The cello is a beautiful sounding string instrument that belongs to the violin family. It is the second largest string instrument after the double bass. The cello finds itself in orchestral, chamber, and string ensembles, as well as in some modern genres and as a solo instrument.
Recording this beautiful instrument
- AEA R84: The AEA R84 (link to check the price on Amazon) is a ribbon microphone inspired by the legendary RCA 44 but with a modern twist. The mic offers an incredibly warm and detailed “ribbon” sound but with extended high-end and reduced proximity effect. The R84 is an absolute joy to use on cello, making it my top recommended.
- AKG C414 XLS: The AKG C414 XLS (link to check the price on Amazon) is a multi-pattern large diaphragm condenser microphone that sounds amazing on cello. The C414 sounds great in many of its polar patterns and work amazingly well in different mic positions around the cello. Its sheer versatility makes it a top recommendation.
- Heil PR40: The Heil PR40 (link to check the price on Amazon) is the only dynamic microphone on the list and is my top “budget” recommendation. The PR40 has a large, low-mass diaphragm, giving it excellent transient response and the microphone has a surprisingly wide frequency response that works particularly well with the cello.
We’ll get to the specifics of each of these mics shortly, but
“Best” is a dangerous word. There is really no such thing as a “best microphone” for any situation. The microphone(s) listed in my Recommended Microphones And Accessories” page are simply my recommendations. These recommendations are based on my own experience and are mindful of budget. It would be easy to suggest an ELA M 251 or U47 for most scenarios. However, these tube mics are very expensive, putting them out of a hobbyist’s price range and making it difficult for professionals to make their money back on the gear.
Another important note is that the microphone or equipment you choose is not the most important part of recording audio. In fact, there are many factors that are arguably more important than the choice of microphone. These include:
- Performer (whether a musician, speaker, or otherwise)
- Microphone technique/placement
- Number of microphones used
- Natural sound of the room
- Content (whether that’s the song, discussion, or otherwise)
- Signal chain (including mic cable, preamplifier, console, and/or interface/computer)
With that being said, some microphones and gear suit some instruments better than others, prompting this series of articles under “Recommended Microphones And Accessories.”
What Does A Cello Sound Like?
When choosing a microphone for any application, it’s to our great advantage to know the characteristics of the sound source. So what does a cello sound like?
The cello possesses a wide variety of differing tones and colours. Depending on the playing style and the string(s) being played, the cello can range from calm and solemn to passionate and lively and most things in between. The beauty of cello is certainly, in part, due to its versatility as a bass instrument and as a mid-range melodic instrument.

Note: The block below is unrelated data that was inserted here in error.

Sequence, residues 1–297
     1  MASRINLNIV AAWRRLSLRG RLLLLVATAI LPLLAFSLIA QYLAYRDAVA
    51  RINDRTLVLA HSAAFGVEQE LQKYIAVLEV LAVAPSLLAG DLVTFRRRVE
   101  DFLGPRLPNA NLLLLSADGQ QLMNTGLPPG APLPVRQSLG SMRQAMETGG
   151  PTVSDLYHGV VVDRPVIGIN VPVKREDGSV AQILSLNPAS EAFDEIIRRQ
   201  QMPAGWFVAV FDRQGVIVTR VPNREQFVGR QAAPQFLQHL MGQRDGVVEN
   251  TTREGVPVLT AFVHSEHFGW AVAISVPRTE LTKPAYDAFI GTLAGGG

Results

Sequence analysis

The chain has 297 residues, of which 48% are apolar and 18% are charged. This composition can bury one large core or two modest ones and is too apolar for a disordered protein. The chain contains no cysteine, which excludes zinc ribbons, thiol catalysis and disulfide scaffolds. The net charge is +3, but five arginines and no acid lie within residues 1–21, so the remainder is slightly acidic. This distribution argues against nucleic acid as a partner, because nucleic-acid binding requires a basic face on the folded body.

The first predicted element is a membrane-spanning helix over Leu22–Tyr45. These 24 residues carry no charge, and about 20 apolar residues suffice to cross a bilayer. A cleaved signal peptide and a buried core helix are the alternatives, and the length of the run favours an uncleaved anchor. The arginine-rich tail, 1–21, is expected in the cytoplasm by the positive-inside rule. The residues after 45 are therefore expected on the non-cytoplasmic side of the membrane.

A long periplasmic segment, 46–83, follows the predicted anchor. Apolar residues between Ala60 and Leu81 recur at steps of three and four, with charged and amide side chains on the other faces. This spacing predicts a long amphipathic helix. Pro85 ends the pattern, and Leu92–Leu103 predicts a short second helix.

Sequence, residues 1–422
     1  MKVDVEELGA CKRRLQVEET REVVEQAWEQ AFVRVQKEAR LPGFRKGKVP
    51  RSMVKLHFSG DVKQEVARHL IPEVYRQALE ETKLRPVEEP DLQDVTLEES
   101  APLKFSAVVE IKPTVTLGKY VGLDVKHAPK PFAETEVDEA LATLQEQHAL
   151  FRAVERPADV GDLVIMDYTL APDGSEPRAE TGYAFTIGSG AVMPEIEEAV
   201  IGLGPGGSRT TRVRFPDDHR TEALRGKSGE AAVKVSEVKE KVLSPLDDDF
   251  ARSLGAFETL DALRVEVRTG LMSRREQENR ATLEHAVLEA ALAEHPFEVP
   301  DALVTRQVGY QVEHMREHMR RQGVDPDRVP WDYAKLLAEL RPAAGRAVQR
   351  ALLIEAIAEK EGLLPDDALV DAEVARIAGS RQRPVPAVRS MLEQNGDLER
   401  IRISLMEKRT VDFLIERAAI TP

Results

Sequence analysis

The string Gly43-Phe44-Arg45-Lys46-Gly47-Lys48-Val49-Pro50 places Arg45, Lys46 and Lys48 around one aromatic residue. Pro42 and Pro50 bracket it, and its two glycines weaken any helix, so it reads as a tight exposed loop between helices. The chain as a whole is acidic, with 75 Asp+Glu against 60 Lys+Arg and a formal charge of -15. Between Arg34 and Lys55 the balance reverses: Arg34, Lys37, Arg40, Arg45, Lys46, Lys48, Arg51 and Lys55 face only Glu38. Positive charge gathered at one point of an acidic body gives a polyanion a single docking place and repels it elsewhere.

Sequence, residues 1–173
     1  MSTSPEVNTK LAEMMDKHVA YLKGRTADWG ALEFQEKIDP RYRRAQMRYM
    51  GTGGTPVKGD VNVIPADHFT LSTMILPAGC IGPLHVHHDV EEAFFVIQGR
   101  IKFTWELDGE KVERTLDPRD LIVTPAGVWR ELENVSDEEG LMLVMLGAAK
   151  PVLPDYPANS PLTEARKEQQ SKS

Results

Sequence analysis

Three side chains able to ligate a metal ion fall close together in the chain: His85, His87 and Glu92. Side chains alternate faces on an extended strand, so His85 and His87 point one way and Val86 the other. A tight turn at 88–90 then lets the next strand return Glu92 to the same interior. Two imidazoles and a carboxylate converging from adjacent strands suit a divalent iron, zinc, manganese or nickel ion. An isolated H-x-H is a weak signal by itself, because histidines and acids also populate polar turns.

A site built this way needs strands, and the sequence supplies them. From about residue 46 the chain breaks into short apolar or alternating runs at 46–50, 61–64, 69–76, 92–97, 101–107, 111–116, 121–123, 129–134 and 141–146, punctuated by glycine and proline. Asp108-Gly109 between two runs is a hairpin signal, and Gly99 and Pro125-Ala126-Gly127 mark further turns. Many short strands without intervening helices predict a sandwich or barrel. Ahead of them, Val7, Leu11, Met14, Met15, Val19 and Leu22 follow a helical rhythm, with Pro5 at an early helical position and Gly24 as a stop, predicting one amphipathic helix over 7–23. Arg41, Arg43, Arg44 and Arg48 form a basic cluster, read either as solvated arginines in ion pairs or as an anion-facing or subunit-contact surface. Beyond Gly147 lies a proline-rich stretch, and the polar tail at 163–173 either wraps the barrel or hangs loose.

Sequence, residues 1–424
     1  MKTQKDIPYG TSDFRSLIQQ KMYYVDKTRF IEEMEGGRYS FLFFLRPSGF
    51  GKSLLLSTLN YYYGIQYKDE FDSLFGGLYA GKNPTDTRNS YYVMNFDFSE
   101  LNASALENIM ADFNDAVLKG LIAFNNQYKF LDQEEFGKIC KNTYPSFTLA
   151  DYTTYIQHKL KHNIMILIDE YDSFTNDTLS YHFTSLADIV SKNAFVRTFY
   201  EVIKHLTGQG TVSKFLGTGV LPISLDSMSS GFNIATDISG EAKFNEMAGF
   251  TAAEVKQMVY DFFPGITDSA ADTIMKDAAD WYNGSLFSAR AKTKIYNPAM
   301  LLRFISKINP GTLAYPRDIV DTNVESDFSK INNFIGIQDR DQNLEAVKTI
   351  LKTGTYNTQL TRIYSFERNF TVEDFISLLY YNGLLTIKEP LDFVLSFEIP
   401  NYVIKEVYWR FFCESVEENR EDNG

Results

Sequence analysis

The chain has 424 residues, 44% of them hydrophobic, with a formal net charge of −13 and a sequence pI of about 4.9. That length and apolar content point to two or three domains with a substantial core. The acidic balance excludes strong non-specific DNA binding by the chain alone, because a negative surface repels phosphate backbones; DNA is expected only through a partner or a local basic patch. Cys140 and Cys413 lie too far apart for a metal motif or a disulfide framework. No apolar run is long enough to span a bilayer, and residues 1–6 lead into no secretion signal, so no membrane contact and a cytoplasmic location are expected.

The cello has an outer shell, a hollow body and sound holes that provide natural amplification. The outer shell helps to project the higher frequencies of the cello while the hollow body and sound hole amplify the lower, fundamental frequencies.
The sound of the cello is, of course, more than the notes played. There’s also characteristic string and/or
Frequency Range Of Cello
- Overall Range: 65 Hz ~ 7,500 Hz
- Fundamentals range: 65 Hz – 659 Hz (C2-E5)
- Harmonics range: 130 Hz ~ 7,500 Hz
So we want a microphone that will accurately capture the true sound of the cello. Knowing the fundamental frequencies and the harmonics of the cello is a great place to start. On top of this, there are a few more criteria to keep in mind when choosing the best cello microphone.
What Factors Make An Ideal Cello Microphone?
Let’s discuss a short list of the critical specifications that make up a great cello microphone:
- Wide/Bass Frequency Response: Choose a microphone that will effectively reproduce the fundamental frequencies and the important first harmonics of the cello. It’s also important to capture the “upper” harmonics (that extend above 7 kHz). It’s also critical in many genres that feature the cello to have an extended high-end response that will capture the room and “air” of the performance.
- Directionality: Directionality: A directional microphone will help to isolate the cello if it’s in a room with other instruments. A directional microphone will also exhibit the proximity effect to some degree, boosting its bass response to better capture the low fundamentals of the cello. This is less important when recording in an iso-booth or when recording an entire ensemble with only a few mics.
- Sensitivity: Pick a microphone sensitive enough to pick up the nuances in the cello sound. This helps to capture the fullest sonic picture possible. There’s more to the sound of a cello than the vibrating strings!